• http://tomahawktake.com/ CarlosCollazo

    @Trey Peters Fielding percentage is a pretty bad way to judge a fielder in my opinion. I also don’t like the advanced metrics like UZR and DRS. Chipper is getting old, has bad knees, and doesn’t have great range. I would completely agree that Chipper is a below average third baseman. It doesn’t mean he is atrocious. Our infield defense is once again one of the weakest in the league at this point.

  • http://www.sabbump.org/ clearwall

    @CarlosCollazo Look man, I really like you and this site. I found you a few days ago and I bookmarked this site because I really like your passion and how and what you say on here. So dont take this the wrong way, but you are completely off on this one.

    First of all, the one handed catch-and-grab is a Chipper Jones trademark play. No one else in baseball can do it like he does with the consistency and success that Chip does.

    Secondly, you mentioned range factor which is why Chip is a 3B and not a SS any longer. You dont need a huge range at 3B because you have that big white line that terminates a good bit of the field you have to cover. Range factor is used to really gague SS and 2B more than the corners. What you need at the corner is a quick glove and a strong arm, both of which Chipper has. The low errors and FLD% indicate that.

    Finally, you say “Our infield defense is once again one of the weakest in the league at this point.” Do you really think losing Escobar will take us from the second-best team defense to “one of the weakest?” I sure dont. I think it will drop, yes, but overall it will be one of the better ones in the league, no doubt.

  • http://tomahawktake.com/ CarlosCollazo

    @Trey Peters I’m glad you like the site hopefully our different opinions on this matter won’t run you off. Haha but I do feel like our infield defense is weak. A-Gon and Escobar are fantastic defensively and TP isn’t going to come close to them.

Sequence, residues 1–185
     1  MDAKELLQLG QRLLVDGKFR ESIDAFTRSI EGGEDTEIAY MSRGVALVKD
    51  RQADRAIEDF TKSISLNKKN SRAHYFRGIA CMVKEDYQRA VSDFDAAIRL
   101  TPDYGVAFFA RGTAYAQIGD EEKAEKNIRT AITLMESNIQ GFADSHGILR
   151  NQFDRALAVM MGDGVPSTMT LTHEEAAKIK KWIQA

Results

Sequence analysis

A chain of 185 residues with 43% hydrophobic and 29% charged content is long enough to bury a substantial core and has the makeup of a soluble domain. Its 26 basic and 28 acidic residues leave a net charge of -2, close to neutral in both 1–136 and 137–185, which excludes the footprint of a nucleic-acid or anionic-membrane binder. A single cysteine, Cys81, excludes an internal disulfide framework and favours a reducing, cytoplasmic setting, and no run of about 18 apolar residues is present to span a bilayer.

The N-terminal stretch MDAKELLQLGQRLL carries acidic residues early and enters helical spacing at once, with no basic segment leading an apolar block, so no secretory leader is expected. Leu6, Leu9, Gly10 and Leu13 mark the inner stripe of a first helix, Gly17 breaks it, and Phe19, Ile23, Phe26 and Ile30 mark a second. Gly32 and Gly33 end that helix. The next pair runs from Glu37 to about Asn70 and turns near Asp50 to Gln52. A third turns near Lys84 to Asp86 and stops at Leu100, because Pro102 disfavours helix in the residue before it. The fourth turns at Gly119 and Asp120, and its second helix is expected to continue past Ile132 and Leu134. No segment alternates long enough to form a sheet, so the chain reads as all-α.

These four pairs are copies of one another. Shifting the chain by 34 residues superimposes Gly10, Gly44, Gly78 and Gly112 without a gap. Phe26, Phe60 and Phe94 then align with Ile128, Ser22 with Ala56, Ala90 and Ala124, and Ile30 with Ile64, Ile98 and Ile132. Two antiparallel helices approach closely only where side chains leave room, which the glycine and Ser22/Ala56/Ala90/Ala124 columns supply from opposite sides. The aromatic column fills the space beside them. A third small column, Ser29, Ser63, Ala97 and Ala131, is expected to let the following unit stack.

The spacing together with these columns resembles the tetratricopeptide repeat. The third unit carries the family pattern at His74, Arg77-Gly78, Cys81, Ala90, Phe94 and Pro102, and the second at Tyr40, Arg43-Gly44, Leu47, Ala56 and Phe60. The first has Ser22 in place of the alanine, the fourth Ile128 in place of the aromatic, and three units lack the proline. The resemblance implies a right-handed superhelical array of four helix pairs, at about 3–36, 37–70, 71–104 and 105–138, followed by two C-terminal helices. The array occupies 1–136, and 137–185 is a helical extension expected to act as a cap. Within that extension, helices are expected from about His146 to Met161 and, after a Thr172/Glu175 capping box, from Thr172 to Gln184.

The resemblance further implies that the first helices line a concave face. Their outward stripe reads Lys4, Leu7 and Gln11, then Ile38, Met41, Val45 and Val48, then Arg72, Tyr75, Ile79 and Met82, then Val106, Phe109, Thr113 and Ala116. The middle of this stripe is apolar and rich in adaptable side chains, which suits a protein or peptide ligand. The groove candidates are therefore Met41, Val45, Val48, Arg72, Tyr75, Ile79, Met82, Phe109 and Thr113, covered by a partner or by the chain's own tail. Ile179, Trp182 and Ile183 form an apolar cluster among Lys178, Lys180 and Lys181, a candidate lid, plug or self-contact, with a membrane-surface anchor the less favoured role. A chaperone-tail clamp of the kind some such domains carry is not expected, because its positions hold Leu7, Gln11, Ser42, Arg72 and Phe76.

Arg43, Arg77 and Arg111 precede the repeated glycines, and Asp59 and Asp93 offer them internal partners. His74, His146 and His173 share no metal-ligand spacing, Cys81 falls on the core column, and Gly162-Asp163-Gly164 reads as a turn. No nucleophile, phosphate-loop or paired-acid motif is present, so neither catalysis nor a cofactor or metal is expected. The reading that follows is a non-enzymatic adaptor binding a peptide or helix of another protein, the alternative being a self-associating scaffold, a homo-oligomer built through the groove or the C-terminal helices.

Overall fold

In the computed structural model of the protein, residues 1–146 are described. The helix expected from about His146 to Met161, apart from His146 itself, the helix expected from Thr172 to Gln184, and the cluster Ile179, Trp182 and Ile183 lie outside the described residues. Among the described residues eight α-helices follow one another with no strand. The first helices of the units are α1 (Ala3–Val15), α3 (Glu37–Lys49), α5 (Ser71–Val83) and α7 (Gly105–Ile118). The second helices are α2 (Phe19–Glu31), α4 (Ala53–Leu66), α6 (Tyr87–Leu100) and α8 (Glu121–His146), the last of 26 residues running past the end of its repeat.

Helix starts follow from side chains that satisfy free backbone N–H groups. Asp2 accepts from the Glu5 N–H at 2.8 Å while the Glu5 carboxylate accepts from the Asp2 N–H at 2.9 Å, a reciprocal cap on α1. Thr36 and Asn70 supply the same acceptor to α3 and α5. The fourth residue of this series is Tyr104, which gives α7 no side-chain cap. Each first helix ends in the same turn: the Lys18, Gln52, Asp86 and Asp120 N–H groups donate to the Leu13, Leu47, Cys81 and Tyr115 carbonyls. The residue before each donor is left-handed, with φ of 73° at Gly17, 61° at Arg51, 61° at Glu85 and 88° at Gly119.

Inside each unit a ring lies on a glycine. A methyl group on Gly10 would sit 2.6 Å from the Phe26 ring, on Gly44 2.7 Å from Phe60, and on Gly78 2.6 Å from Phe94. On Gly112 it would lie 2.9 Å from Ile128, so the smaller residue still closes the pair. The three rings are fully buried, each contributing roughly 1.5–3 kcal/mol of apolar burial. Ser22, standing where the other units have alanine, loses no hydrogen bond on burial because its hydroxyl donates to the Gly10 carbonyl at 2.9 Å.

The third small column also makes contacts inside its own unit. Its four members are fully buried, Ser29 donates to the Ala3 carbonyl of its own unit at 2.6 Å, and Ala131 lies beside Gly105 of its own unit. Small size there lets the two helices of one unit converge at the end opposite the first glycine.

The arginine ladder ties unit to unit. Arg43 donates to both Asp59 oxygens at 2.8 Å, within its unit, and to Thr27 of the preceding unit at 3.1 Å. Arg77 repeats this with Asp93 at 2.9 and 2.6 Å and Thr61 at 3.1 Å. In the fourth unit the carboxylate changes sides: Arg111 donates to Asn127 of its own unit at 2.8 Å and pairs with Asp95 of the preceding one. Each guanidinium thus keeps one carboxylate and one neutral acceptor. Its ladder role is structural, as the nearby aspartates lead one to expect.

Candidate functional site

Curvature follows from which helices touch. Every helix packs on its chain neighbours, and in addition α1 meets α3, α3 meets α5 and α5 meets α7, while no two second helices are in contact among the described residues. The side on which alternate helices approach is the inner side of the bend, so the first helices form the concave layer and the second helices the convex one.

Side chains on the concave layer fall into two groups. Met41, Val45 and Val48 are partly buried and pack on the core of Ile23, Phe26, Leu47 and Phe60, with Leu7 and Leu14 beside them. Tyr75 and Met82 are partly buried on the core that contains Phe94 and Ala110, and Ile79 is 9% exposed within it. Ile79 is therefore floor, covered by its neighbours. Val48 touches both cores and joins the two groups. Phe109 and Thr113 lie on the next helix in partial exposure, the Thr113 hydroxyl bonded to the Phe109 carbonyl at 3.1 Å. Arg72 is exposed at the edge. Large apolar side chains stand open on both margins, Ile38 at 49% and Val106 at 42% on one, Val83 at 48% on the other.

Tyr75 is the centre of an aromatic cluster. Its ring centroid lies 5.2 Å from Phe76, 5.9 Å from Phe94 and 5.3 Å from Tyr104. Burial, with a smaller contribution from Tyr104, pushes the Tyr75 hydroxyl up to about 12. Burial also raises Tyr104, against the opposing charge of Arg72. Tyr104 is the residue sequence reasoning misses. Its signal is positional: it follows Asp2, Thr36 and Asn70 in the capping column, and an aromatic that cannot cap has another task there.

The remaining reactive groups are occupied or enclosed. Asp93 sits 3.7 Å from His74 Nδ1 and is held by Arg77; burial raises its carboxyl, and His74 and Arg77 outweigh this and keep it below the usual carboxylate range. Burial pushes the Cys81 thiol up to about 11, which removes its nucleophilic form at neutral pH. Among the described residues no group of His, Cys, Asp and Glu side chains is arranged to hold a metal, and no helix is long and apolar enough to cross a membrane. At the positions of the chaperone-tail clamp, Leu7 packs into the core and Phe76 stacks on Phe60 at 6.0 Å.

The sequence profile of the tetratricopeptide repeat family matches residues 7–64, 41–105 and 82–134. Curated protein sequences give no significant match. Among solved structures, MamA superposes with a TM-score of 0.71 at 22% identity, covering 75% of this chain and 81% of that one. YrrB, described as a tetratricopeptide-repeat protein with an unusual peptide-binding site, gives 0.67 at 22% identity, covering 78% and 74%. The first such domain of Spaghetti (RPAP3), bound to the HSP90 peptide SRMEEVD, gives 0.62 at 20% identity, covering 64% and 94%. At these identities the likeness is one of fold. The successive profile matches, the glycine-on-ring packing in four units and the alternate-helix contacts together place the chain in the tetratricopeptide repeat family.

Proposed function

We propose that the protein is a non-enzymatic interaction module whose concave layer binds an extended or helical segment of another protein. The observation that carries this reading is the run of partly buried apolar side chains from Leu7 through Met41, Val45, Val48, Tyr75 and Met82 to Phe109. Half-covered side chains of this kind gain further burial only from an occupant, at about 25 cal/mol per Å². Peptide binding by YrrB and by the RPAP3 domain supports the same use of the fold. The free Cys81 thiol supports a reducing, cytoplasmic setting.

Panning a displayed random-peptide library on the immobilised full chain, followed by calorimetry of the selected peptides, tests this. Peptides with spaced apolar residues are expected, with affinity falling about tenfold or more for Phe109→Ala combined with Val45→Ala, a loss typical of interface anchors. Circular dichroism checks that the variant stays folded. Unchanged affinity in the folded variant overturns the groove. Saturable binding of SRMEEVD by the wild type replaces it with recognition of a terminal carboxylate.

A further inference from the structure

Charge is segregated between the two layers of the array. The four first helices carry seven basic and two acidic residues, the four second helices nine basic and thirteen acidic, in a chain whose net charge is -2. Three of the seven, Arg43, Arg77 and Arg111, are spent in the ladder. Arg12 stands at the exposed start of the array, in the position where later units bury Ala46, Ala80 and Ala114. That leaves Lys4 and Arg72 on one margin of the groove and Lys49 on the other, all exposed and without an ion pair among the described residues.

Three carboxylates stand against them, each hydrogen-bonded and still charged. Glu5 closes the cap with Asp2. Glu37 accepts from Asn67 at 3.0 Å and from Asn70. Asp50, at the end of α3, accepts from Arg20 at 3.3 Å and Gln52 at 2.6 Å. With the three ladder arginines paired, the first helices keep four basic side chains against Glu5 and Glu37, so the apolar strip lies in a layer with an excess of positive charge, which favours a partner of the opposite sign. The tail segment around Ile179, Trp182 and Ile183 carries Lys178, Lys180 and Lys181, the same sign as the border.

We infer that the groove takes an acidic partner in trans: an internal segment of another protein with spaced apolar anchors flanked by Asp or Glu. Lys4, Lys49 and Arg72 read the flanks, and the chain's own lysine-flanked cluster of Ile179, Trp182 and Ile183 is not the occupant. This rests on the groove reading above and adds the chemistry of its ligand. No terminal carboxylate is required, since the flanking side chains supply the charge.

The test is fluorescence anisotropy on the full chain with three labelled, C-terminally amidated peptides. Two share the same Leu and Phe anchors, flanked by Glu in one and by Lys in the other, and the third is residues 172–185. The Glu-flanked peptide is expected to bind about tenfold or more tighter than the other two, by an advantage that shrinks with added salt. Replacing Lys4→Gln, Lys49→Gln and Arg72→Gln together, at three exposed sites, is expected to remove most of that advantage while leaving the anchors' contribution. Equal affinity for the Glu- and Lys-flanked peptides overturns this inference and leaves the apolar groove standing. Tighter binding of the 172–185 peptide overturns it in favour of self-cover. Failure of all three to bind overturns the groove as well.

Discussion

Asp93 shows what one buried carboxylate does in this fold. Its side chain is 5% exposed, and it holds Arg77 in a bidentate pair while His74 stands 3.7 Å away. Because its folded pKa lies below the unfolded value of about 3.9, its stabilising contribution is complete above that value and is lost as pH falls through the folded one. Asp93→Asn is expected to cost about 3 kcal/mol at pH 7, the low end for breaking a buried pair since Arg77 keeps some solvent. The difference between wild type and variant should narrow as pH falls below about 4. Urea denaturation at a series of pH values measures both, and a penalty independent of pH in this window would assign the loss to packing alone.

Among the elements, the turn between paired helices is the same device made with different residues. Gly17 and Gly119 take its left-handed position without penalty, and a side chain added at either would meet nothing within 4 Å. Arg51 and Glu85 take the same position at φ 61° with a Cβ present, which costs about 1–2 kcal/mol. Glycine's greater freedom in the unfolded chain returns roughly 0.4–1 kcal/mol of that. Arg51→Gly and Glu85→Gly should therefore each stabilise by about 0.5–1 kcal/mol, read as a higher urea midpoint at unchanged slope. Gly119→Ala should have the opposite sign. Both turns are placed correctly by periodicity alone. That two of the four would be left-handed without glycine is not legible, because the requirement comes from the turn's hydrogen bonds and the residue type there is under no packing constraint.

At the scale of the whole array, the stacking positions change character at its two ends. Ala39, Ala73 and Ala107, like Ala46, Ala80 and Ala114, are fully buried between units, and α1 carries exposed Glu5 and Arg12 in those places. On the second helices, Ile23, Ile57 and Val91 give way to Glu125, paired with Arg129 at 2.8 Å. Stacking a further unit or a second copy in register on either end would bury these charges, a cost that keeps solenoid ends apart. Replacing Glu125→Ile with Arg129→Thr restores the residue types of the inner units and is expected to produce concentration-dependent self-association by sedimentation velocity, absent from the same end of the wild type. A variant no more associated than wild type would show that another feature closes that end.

On fielding percentage, sure Chipper had the second highest fielding percentage last year (among qualified 3B) but he also had the second fewest chances. It makes sense that he would have less errors with less opportunities to make mistakes.

  • leetro

    @Trey Peters @CarlosCollazo Chipper is really good at the charge-in, but that is not that common of a play throughout the season. His first step is not nearly as good as it was, which is essentially the range for 3B, and Chipper doesn’t have that anymore.As far as the whole infield, let’s say Uggla is poor, Chipper and Pastornicky are a bit below average, and Freeman is a bit above average, only because of his glovework at the base. That comes out below average, which is probably 20-25th overall.

  • http://sodomojo.com/ MattyK

    @Trey Peters @CarlosCollazo It’s fair to balance out what the eye sees with what the stats say. Fangraphs’ UZR as well as Defensive Runs Saved peg him at below league average, nestled somewhere between Aramis Ramirez and David Wright.

    Fielding percentage falls short of being able to explain what’s happening because it makes no effort to quantify the difficulty of plays, especially those plays Chipper never even gets to.

    However, like all stats, these are not perfect measurements. This is why Fangraphs started the “Fan Scouting Report” to let fans rate players’ defensive skills. In FSR, Chipper is considered just about average, and maybe even a little above. So maybe he’s not a sack of potatoes over there, but he’s also not special. And he turns 40 in April.

    I personally am always wary of the eye test. Our brains are not meant to remember and process so much information. With another year on those knees after more recent injuries, it would not be surprising to see him struggle more at the hot corner this season.